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In today’s AJC, Tom Weyandt, Mayor Reed’s transportation policy adviser, provides an overview of the City of Atlanta’s local projects included on the July 31 Regional Transportation Referendum. Fifteen percent of the money raised from the referendum will go to local governments for smaller scale transportation projects. The really big news here is that “93 percent of Atlantans will reside within a half-mile of at least one of the 15 percent list projects or the regional projects.” We will delve more into the details over the coming weeks, but here is the overview from Tom Weyandt:
On July 31, voters in metro Atlanta will decide whether to support a penny sales tax to fund $6.14 billion in critical road and transit projects.
After a year of collaboration, elected officials on the regional roundtable unanimously approved a list of projects that addresses capacity and maintenance needs across metro Atlanta and includes funds for transit expansion and capital improvements in Cobb, Gwinnett, Clayton and DeKalb counties plus assistance to major road bottlenecks.
But many voters may not be aware that a “yes” vote also means more money for local governments to use for transportation projects close to home. The enabling legislation provided that 15 percent of the funds raised would be allocated to every local government for discretionary use. For the region, 15 percent is worth almost $1.1 billion.
In Atlanta, we have undertaken a comprehensive process to develop a list of projects that would be funded by the 15 percent allocation, which would amount to about $9.4 million per year for 10 years, totaling $94 million.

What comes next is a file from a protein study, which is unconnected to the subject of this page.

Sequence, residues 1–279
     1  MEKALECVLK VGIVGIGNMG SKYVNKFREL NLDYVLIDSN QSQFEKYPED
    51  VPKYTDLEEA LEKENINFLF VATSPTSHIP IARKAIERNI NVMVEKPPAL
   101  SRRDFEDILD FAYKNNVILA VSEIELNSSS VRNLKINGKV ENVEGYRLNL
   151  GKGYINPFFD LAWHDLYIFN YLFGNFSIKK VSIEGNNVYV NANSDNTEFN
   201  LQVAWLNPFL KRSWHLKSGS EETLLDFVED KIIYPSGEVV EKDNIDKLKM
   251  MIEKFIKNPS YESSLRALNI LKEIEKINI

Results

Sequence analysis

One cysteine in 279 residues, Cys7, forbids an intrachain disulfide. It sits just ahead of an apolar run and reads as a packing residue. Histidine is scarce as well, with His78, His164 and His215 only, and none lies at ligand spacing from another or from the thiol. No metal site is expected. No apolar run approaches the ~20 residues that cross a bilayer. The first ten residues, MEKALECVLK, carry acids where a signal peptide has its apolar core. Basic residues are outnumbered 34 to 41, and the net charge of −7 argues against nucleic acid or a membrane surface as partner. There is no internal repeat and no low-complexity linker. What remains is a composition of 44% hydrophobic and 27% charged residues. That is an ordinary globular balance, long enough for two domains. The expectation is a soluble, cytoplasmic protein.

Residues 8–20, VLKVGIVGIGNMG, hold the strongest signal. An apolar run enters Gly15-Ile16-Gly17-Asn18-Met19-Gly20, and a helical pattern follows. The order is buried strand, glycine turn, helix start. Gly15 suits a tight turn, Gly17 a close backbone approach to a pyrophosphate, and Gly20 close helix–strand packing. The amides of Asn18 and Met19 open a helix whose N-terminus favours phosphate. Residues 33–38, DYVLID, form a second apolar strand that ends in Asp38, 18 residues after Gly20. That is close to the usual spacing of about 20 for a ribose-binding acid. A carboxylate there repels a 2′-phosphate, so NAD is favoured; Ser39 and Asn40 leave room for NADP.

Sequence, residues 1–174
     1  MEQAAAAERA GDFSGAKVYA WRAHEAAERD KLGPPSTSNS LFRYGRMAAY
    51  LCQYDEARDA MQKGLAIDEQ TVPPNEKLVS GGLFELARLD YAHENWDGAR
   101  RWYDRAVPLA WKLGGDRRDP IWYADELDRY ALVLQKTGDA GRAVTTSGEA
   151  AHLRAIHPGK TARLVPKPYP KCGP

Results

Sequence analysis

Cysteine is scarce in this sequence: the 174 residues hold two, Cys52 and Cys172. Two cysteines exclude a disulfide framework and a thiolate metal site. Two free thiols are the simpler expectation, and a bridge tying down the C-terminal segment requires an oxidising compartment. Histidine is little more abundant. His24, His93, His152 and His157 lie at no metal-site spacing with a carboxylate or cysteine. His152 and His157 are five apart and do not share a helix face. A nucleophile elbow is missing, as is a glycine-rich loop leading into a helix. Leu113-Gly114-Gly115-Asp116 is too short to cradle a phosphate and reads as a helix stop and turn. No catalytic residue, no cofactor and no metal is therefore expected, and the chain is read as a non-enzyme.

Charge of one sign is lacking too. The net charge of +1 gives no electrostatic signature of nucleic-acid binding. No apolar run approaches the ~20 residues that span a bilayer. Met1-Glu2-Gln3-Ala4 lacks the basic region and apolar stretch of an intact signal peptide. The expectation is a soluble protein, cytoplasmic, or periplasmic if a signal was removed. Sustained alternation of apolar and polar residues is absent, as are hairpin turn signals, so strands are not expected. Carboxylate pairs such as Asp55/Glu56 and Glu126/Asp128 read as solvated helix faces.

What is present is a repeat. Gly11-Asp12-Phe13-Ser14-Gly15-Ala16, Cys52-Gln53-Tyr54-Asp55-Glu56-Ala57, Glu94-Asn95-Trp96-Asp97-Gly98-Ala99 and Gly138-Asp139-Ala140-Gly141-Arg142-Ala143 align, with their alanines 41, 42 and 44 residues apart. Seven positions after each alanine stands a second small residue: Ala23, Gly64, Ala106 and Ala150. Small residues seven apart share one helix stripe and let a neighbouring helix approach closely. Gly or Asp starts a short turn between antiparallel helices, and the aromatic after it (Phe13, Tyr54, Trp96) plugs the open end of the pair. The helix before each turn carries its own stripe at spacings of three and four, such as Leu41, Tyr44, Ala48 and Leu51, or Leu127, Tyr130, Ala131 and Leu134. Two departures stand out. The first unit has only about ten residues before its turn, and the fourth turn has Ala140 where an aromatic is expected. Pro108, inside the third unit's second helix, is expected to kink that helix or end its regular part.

We reviewed transportation needs, worked with the City Council and met with community groups and held public meetings. We received valuable input from residents and business owners.
First, they want a focus on city-owned facilities and roads instead of state-owned areas. Second, constituents favor sidewalks, crosswalks, roadway maintenance and bicycle projects, each a core part of the quality of life of neighborhoods. Finally, the public told us to fund projects we have already identified in city plans.
The initial list covers the first five years of the program and focuses on small projects and improvements such as makeovers of major corridors such as Bolton Road, DeKalb Avenue and Cascade Road. Improvements are likely to include resurfacing, signal systems, sidewalks and other pedestrian improvements; accessibility improvements for the disabled; and provisions for transit and bicycles.
If the referendum passes, 93 percent of Atlantans will reside within a half-mile of at least one of the 15 percent list projects or the regional projects. Every neighborhood stands to see real improvements in its quality of life — whether it’s better crosswalks, more bicycle paths, or access to major projects such as the Atlanta Beltline or the Atlanta Streetcar. Every year, city leaders will review and refresh the list as community needs evolve.
Residents can learn more about the 15 percent project list here. Now is not the time for more planning — now is the time for action. Get educated about the referendum and vote July 31.
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